Wisconsin's 3.2 percent unemployment rate in July is near a record low That's well below what economists consider to be "full employment." Between 2010 and 2025, the 65-and-older population is expected to have increased by two-thirds, while the working-age population is expected to remain flat. By 2023, 65-year-olds are projected to outnumber 18-year-olds for the first time.Only now are the stories hitting the front pages of our papers.
So where will Foxconn find 13,000 employees? Or the 10,000 construction jobs...or the 22,000 indirect jobs?
Those numbers are mystifying to Anthony Snyder, CEO of the Fox Valley Workforce Development Board. "We have businesses that are screaming for labor. One employer wanted 300 people tomorrow and we are racking our brain trying to find these people," Snyder said. "I don’t know where they’ll find 10,000 people to fill those jobs."
Erik Anderson, president of Basin Precision Machining in Jefferson said, "I’m like: 'Better fly (the workers) over from China, because they’re not here.'"The disaster we know as WEDC warned: As half of the construction workers and Foxconn workforce could come from other states, primarily Illinois where unemployment and underemployment are higher than in Wisconsin.
That should sink the whole Foxconn deal right? Nope...
The Walker administration disputes that figure.
Well, let's see what Foxconn is telling us...oh wait:
Foxconn, isn't divulging details about its wages. According to an economic impact analysis commissioned by the company, about 2,400 employees will be highly skilled engineers, 820 employees will provide business support and the majority, about 9,800 employees, will be hourly operators and technicians.
Let's create worker dorms like in China:
Walker said he has discussed with Foxconn the possibility of building housing at an affordable cost near the plant to further entice workers to move from other states.
Even cry baby conservative lobbying groups are sounding the alarm:
Workers Wanted: Wisconsin's Looming Crisis: Wisconsin businesses grapple with a growing worker shortage. Wisconsin is expected to need 45,000 workers in seven years but it simply lacks the people to fill them … expected to worsen over the next decade, according to Wisconsin State Journal interviews with dozens of employers, economists, advocacy group experts and state political and economic development officials. "We are right at the brink of the crisis," said Ann Franz, director of the Northeast Wisconsin Manufacturing Alliance in Green Bay. "I would call it Wisconsin's mega-issue," said Kurt Bauer, president of Wisconsin Manufacturers & Commerce, the state's largest business group, which recently found 77 percent of members surveyed had difficulty finding workers, up from 53 percent two years ago. "All other issues, they may be important, but they are subordinate to workforce."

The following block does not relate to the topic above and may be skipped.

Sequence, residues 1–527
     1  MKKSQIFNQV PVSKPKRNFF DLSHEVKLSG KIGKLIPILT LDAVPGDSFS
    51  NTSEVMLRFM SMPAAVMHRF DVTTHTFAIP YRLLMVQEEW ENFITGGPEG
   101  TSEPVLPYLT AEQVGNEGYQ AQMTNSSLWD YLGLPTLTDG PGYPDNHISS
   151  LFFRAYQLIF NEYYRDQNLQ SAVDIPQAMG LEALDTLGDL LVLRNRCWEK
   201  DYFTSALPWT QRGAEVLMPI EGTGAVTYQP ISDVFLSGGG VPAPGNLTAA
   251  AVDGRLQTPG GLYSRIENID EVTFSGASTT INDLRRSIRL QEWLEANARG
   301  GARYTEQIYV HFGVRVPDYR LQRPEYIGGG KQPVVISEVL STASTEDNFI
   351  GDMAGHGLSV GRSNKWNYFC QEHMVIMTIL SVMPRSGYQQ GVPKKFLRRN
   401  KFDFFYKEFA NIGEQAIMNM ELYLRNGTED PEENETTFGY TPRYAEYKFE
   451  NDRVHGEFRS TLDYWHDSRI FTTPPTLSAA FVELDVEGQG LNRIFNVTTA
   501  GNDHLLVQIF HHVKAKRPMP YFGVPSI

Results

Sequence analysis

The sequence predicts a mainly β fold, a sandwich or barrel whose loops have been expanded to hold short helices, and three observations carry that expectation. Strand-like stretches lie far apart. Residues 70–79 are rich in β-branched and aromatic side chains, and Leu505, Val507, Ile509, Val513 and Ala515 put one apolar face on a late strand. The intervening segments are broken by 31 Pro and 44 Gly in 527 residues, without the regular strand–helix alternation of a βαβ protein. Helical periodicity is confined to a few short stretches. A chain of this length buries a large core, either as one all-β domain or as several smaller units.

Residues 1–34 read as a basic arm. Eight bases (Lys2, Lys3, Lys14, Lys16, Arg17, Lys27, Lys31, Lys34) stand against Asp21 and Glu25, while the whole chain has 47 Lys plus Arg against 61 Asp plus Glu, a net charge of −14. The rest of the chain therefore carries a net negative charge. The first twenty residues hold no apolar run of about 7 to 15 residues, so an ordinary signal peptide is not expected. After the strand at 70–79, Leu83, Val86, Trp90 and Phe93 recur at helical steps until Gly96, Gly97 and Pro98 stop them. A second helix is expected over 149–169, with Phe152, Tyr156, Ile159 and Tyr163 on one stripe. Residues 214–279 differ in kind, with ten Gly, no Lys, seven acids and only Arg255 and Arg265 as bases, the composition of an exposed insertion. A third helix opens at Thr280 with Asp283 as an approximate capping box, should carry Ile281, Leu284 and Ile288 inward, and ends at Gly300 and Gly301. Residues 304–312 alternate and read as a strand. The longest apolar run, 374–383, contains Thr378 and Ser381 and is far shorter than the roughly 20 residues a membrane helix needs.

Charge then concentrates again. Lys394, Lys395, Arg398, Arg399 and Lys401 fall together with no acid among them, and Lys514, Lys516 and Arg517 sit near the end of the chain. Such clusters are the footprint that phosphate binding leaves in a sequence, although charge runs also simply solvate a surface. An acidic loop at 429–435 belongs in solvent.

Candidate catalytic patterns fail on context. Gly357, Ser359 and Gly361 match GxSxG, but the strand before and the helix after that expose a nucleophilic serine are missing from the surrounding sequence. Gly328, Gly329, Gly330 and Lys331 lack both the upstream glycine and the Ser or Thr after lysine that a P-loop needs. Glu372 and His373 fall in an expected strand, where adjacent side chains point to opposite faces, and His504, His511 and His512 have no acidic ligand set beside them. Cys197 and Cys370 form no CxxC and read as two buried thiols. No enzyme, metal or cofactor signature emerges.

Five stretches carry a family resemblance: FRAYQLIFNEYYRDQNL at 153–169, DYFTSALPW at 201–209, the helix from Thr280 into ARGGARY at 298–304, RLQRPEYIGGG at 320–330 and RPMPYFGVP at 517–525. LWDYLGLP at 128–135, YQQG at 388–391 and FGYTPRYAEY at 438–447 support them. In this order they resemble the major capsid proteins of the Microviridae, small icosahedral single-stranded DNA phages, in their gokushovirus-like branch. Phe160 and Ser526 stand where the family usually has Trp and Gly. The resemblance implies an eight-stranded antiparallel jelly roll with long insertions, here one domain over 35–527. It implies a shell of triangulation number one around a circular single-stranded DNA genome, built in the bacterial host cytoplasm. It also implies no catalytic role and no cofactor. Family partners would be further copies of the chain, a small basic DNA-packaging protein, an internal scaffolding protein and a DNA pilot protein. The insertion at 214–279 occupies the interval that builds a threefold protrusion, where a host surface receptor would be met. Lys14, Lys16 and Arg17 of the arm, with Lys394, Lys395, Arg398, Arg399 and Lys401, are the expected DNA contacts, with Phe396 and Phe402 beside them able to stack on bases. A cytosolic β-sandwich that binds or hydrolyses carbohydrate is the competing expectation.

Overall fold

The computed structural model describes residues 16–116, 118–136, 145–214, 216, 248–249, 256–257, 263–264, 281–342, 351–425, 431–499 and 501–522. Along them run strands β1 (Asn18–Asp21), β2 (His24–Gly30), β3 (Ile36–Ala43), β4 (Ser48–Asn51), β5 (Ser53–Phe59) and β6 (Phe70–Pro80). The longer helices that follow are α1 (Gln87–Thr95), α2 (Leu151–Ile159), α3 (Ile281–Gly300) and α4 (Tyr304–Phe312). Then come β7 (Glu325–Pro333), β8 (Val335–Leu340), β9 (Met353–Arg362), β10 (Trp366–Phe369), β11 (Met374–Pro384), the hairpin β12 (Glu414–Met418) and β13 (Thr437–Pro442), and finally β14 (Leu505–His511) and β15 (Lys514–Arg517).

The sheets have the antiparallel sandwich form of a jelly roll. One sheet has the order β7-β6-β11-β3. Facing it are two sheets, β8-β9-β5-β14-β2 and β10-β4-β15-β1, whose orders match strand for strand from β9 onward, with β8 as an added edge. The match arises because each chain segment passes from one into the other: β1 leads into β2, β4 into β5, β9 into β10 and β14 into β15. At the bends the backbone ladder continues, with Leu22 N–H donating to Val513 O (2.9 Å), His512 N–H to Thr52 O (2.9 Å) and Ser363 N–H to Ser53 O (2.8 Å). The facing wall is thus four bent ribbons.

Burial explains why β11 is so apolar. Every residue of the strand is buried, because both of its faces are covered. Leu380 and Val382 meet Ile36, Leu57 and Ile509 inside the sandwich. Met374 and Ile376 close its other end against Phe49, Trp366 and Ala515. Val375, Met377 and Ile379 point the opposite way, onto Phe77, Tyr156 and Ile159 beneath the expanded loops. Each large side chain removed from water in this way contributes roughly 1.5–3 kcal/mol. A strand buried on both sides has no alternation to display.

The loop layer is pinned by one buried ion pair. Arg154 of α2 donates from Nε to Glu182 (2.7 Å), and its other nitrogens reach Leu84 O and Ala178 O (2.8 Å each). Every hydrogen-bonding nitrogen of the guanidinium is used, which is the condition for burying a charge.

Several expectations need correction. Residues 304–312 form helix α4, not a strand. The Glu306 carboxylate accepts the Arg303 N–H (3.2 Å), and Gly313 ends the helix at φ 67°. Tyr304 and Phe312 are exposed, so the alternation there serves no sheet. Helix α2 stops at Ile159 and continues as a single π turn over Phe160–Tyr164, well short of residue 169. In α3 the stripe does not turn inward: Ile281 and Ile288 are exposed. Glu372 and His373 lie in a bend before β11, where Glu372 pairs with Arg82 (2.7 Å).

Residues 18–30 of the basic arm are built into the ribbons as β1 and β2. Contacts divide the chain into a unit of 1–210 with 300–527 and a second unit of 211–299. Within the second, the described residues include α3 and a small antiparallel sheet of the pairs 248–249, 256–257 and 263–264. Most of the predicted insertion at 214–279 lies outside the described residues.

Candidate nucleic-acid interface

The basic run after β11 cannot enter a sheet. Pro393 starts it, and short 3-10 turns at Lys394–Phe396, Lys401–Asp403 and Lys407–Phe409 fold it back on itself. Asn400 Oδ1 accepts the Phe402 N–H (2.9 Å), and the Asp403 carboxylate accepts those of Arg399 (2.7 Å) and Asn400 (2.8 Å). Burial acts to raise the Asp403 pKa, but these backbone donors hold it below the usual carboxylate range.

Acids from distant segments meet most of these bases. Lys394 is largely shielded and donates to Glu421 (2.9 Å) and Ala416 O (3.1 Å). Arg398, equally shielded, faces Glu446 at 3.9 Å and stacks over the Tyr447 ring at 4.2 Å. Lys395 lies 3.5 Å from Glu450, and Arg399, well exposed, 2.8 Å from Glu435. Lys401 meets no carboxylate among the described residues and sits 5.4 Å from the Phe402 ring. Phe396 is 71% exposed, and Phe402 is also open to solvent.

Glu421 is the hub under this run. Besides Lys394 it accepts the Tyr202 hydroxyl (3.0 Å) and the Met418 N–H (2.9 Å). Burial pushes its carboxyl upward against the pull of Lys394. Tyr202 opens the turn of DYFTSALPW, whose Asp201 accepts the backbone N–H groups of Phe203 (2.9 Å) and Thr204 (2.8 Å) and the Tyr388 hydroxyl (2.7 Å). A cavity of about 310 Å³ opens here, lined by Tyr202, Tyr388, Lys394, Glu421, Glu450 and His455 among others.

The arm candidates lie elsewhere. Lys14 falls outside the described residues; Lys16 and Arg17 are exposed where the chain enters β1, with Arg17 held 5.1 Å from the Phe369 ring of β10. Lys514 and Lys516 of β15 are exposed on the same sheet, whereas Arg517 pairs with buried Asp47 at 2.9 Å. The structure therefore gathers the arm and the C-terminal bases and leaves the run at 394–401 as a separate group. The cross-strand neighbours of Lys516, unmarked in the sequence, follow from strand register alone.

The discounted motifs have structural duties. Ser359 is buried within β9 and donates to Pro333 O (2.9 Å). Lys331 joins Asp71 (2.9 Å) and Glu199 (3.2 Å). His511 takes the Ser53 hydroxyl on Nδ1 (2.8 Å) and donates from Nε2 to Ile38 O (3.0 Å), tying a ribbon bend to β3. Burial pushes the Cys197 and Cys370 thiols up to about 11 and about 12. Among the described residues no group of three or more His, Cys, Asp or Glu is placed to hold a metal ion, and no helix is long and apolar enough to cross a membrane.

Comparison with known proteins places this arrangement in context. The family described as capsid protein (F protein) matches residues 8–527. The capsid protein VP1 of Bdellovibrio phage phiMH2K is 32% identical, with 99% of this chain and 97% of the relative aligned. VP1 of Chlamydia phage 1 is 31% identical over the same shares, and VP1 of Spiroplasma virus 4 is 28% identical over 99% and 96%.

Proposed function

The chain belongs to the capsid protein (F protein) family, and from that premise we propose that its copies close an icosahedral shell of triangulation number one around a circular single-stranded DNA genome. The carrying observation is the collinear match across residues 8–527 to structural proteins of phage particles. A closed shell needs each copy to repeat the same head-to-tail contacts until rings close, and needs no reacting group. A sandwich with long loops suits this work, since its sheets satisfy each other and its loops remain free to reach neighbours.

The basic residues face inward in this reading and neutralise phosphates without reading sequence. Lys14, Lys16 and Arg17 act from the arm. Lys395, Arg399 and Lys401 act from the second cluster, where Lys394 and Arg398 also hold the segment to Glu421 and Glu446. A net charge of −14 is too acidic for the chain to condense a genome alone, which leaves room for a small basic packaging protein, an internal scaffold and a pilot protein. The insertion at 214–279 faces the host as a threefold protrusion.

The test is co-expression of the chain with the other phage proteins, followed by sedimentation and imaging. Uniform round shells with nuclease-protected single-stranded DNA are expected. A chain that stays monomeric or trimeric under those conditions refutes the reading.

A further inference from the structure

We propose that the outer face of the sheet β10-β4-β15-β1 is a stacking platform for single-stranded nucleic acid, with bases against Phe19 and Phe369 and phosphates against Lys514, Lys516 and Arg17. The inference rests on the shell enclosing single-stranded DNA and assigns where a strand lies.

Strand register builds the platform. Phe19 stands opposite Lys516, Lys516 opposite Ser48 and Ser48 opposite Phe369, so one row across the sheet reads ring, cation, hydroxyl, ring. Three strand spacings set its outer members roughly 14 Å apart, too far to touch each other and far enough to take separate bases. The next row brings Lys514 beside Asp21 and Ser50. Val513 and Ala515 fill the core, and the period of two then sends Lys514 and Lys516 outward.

Walker's record of lost manufacturing job over the years, stubborn opposition to raising the minimum wage, and failed promise to create family supporting jobs is a big reason why he wants Foxconn to pass:
"We have the potential of losing some of our business sector to other places where skilled labor is stronger, where there's greater population base," said Susan May, president of Fox Valley Technical College in Appleton. "The more we lose our economic base, it affects education and transportation and everything else. … It really presents a scary future for our state."
Eh, that's not so scary, turning lemons into lemonade:
"It's a good problem to have, but it's a challenge for sure," Gov. Scott Walker said in an interview.
Wisconsin has certain characteristics that may intensify the shortage, such as an already high workforce participation rate, a broad manufacturing base that, as it increasingly automates, replaces high school graduates with more highly skilled workers, and a comparatively poor record of attracting college graduates. The Job Center of Wisconsin website lists about 100,000 job openings daily, and more than 15,000 are for jobs located in other states.
The state's median hourly wage is $17.43, or about $35,000 a year. A United Way study found the basic wage needed to survive in Wisconsin is $54,804 for a family of four and $23,196 for a single adult — and that 42 percent of households live below that level. More than half (51 percent) of the jobs that listed a low-end wage listed hourly pay levels below the United Way's survival wage for a single person.
And with the advent of disposable employees, business has only themselves to blame:
Many employers around the state express frustration about the quality of the available workforce. They complain about new hires lacking minimal "employability" traits such as showing up for work on time, dressing appropriately and basic communication. Some describe applicants who won't return phone calls yet continue to apply for jobs elsewhere, possibly to fulfill the state's new requirements for receiving unemployment benefits.